What does recovery mean?

Recovery refers to the process in which people are able to live, work, learn and participate fully in their communities. There are studies showing that most people suffering from mental illnesses do get better but there are degrees. For some, recovery is the ability to live a fulfilling and productive life. For others, recovery implies the reduction of symptoms. Where my son was concerned, I noticed that the moment he gave up hope, he was unable to progress at all. I believe that hope plays an integral role in any person’s recovery.

One of the myths is: when someone develops a mental illness he/she will never recover.

Trying to get on with life after a child has died.

Parents of children who have committed suicide are left with all the shards of troubled lives. A twenty-year-old jumped to his death from a multi-storey building hours after his mother had dropped him at the psychiatric hospital where he was being treated. No one saw him leave.  She thought he was being taken care of. She tells her story with apparent composure, but it’s clear that after 18 months she’s struggling with her grief,  blaming herself and is very angry.

I met a father whose twenty-seven-year-old daughter suffered from schizophrenia and took her life. But, he is determinded to move on. He believes that when you are in the hole of grief, you must stop digging or you might beome suicidal yourself. His unwillingness to dwell on the past seems to be the right approach as it’s served him well.  The mother of the young man described above, used counselors as she believed it was the only way for her.

Having experienced a suicide in my family, I dare not judge because I know that every person has to cope the way they feel is best for them. Maybe deep thinkers have more trouble with this. Not being in this category and being a doer rather than a thinker, I felt that the best way for me was to move on, to keep busy and find interesting things to do. Of course it was a very long process but I proved that it could be done. In fact, my whole family shared in this process and although no one in my family came away unscathed, we managed to get on with our lives. We will always remember our son, David and I try to think of him the way he was when he was healthy and happy, riding the waves on his surfboard.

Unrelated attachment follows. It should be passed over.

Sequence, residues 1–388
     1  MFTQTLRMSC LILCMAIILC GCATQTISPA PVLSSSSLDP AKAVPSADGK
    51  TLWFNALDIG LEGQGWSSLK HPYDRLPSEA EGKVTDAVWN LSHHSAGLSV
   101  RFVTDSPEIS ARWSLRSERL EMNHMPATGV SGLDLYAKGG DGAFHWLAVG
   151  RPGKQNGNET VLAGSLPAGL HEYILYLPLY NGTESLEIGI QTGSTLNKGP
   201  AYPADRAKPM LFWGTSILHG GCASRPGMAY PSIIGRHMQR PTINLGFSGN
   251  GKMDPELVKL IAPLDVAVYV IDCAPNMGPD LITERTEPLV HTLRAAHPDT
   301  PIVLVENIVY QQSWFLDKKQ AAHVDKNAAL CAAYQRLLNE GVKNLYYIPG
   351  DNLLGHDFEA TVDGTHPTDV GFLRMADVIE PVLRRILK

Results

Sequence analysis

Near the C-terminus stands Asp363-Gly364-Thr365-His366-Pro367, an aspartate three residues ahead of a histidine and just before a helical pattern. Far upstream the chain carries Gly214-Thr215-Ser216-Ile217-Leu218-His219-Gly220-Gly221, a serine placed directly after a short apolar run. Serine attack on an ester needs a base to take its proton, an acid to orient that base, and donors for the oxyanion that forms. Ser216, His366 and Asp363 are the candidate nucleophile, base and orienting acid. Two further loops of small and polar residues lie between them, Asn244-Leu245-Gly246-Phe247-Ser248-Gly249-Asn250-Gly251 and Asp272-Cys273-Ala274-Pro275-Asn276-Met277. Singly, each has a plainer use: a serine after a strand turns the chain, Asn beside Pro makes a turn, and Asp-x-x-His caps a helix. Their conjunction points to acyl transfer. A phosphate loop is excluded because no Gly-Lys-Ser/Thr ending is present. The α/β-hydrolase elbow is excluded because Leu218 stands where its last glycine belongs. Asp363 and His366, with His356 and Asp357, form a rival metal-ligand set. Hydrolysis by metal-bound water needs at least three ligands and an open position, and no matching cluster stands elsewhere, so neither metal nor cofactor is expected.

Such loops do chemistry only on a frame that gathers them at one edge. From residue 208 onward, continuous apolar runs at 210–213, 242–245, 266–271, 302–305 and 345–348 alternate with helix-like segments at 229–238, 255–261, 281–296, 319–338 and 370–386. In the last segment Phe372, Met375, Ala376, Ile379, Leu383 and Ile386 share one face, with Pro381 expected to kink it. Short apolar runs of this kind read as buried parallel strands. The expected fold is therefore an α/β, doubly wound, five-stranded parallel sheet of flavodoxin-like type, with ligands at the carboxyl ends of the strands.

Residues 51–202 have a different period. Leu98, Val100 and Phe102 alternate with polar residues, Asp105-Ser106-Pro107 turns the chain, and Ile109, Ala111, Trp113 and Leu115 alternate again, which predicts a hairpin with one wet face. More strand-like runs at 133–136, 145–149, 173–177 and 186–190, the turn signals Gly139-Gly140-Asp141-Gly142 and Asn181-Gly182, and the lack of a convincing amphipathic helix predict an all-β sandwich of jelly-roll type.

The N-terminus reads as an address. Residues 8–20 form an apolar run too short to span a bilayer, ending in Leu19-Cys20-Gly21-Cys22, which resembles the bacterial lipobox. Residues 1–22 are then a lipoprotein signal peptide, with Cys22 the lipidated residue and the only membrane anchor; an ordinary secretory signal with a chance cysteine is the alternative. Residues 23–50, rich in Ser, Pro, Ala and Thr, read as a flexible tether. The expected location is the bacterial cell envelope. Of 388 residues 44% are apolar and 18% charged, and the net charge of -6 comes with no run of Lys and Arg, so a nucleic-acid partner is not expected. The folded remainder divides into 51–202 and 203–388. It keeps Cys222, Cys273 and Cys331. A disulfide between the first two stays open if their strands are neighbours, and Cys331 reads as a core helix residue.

A mental illness does not discriminate. It can affect anyone.

I was told that all people suffering from a mental illness are violent which is not true as the vast majority of people with a mental condition are no more violent than anyone else. You might even know someone who has this condition without being aware of it. Mental illnesses are surprisingly common and unlike us, they do not discriminate. They can actually affect anyone. Nearly every family has a neighbor, a friend or an acquaintance who suffers from some kind of mental illness or another.

I remember an instance when my son was in a psychiatric hospital and I felt that some of the staff members were not only guilty of discrimination but had no idea of the meaning of the word empathy. My son was very ill, suffering from paranoid  schizophrenia which is a serious illness, and I felt that the professional psychiatric workers should have been more understanding. On one occasion when David’s doctor was particularly hurtful, I turned around to him and said;

“Doctor, I have done a lot of reading on the subject of mental illness and wish I had studied it. But there is one thing that I found in every book or article on the subject; people in every single walk of life can be affected by a mental illness, irrespective of color, profession or social standing and one day, it might even strike your family.”

I didn’t feel good saying this but you must realize how very upset I had been. The psychiatrist had been anything but empathetic.